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acts, “and we would take the ghost's word for a thousand pounds." The present play appears to go on by fits and starts, and to be made up too much of unmatchable events. It is inlaid with facts of different colour, and we can see the cracks which the joiner's hand could not help leaving.
After these little objections, all our observations on this compilation are full of praise.
Great ingenuity is displayed, and we should think Kean had a hand in it. The author has extracted veins of gold from a huge mine, and he is liberal enough to share it with other people. The workings of Richard's mind are brought out as it were by the hand of the anatomist, and all the useless parts are cut away and laid aside.
But with all we fear the public will not take the obligation as it is meant, and as it ought to be received. The English people do not care one fig about Shakespeare, -only as he flatters their pride and their prejudices. We are not sure that this has not been remarked before, though we do not remember where; nevertheless it is our firm opinion. But let us say a few words of the actors.
Kean stands like a tower. He is “all power, passion, self-will." His animations flow from his lips “as musical as is Apollo's
It is impossible to point out any peculiar and little felicitic where the whole piece of acting is of no mingled web. If we were to single a favourite part, we should choose that in which he parts with his son, young Rutland, just before the battle. It was pathetic to oppression. Our hearts swelled with the feeling of tears, which is a deeper feeling than the starting of them in the eye. His tongue lingered on the following passage as fondly as his eyes clung to the object which occasioned them, and as tenderly as the heart dwells and doats upon some long-loved object :
"Bring in my dear boy, Rutland.
(Enter RUTLAND with attendants.
If I should fall, I leave thee to thy brothers,
His death was very great. But Kean always “ dies as erring men do die.” The bodily functions wither up, and the mental faculties hold out till they crack. It is an extinguishment, not a decay. The hand is agonized with death ; the lip trembles with the last breath, as we see the autumn leaf thrill in the cold wind of evening. The very eye-lid dies. The acting of Kean is Shakespearian-he will fully understand what we mean. There is little to be said of the rest. Pope as a Cardinal (how aptly chosen) balances a red hat. Holland wears insipid white hair, and is even more insipid than the hair that he carries. Rae plays the adulterous Suffolk, and proves how likely he is to act amiss. Wallack, as young Clifford, “ towers above his sex.” Mr. Maywood is more miserable in “Henry VI." than winters or wet nights, or Death on a pale horse, or want of money, or deceitful friends, or any other crying evil.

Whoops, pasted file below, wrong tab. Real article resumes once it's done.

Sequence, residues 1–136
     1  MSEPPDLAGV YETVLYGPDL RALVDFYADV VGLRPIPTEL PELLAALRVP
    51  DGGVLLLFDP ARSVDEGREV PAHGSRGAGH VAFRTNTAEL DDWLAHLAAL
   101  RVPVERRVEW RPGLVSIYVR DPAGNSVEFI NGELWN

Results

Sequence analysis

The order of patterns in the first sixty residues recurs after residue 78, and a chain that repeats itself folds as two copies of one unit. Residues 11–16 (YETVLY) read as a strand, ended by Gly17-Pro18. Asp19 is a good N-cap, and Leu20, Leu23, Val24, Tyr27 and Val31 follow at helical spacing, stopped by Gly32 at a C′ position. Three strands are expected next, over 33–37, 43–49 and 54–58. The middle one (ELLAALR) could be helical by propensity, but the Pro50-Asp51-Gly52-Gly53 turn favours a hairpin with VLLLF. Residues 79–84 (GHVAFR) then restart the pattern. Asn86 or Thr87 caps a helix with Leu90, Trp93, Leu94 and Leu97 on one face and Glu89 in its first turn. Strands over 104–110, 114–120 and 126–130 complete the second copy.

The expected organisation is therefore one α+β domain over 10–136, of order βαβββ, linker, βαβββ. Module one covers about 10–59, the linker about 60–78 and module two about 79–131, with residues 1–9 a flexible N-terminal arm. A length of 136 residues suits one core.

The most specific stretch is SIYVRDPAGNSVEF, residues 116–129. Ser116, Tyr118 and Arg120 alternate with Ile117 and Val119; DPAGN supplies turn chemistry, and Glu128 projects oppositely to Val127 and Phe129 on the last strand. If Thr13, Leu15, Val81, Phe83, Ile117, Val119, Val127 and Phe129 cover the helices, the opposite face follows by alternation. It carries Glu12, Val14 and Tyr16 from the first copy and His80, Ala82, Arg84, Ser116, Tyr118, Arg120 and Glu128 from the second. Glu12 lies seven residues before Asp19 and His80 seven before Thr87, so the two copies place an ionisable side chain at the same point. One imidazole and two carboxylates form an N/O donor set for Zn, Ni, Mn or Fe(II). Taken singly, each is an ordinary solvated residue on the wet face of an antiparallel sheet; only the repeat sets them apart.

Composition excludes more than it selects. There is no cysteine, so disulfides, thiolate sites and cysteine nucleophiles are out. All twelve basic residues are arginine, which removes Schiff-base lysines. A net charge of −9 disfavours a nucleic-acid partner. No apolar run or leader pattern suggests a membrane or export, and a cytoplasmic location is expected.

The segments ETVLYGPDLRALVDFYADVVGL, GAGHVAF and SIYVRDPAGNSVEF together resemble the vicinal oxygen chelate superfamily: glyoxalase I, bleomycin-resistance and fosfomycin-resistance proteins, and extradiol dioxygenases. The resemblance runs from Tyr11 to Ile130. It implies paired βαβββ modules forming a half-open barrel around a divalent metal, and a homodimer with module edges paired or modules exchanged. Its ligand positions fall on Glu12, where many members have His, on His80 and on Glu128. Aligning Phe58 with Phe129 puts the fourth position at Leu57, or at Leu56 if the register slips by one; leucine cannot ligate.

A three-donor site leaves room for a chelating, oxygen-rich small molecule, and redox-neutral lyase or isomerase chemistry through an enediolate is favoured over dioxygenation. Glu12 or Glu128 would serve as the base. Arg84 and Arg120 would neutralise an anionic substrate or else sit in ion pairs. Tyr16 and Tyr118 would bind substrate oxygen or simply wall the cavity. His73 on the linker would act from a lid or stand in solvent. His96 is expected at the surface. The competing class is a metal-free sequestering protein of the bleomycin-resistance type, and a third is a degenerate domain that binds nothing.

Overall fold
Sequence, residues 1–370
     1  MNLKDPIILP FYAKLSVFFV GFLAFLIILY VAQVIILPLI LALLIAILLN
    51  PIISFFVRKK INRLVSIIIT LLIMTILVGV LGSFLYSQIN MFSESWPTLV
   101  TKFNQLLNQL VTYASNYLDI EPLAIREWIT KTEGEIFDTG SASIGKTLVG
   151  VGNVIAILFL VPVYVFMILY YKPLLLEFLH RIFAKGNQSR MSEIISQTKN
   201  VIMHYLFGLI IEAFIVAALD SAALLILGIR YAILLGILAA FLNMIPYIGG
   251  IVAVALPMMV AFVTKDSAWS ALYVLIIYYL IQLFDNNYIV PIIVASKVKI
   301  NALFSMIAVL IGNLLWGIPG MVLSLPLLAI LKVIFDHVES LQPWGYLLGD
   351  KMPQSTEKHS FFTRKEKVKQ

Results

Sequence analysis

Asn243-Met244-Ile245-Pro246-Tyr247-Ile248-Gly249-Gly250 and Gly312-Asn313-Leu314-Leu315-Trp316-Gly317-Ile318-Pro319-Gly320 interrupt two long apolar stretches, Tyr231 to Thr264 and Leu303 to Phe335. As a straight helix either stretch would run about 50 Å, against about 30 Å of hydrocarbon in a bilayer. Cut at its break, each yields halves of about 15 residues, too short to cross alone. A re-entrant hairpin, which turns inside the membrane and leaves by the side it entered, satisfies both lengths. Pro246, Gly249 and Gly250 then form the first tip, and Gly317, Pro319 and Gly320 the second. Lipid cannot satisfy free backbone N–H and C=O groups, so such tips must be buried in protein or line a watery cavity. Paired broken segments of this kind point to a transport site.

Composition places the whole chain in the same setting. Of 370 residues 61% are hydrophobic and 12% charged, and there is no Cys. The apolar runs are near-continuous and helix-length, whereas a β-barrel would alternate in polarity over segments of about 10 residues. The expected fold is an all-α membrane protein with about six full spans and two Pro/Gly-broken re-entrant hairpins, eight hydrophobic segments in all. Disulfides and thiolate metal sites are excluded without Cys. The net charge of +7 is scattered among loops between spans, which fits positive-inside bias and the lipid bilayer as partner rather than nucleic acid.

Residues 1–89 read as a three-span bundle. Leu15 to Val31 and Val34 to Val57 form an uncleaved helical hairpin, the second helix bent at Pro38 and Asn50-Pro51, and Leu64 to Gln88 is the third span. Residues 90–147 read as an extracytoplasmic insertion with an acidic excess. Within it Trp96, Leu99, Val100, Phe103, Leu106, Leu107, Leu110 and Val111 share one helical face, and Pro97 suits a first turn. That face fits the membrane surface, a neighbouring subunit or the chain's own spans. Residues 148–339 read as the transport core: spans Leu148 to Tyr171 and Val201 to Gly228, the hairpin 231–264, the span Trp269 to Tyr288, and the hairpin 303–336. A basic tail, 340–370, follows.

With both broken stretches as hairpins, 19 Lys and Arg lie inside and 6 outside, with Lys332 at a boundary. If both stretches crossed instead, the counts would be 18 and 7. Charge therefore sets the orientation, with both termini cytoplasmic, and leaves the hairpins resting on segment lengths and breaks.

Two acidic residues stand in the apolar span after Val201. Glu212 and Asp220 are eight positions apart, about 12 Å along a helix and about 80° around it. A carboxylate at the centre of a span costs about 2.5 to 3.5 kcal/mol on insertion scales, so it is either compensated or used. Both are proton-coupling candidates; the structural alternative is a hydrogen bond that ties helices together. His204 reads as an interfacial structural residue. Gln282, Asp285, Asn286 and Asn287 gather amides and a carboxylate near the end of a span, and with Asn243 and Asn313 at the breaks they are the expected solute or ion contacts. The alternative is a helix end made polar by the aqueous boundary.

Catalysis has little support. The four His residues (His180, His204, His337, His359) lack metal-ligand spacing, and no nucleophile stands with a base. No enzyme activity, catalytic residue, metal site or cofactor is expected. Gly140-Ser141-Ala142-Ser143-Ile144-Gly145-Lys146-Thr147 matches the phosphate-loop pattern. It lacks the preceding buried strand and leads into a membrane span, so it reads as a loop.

The comic parts are sadly mangled, owing to illness of Munden and Oxberry. Jack Cade dies of a lock-jaw; and Dick the butcher is become a grave man. Mrs. Glover chews the blank verse past endurance ; her comedy is round and comfortable ; her tragedy is worse than death.
One thing we are convinced of on looking over the three parts of “ Henry,” from which this play is gleaned; which is, that Shakespeare was the only lonely and perfectly happy creature God ever formed. He could never have a mate, -being most unmatchable.
ANOTHER VERSION OF KEATS'S “HYPERION.”
HYPERION, A VISION.*
Fanatics have their dreams, wherewith they weave
Methought I stood where trees of every clime,
* The passages within brackets are those which are to be found in the printed poem.
Soft-showering in mine ears), and (by the touch
When sense of life return'd, I started up
Turning from these with awe, once more I raised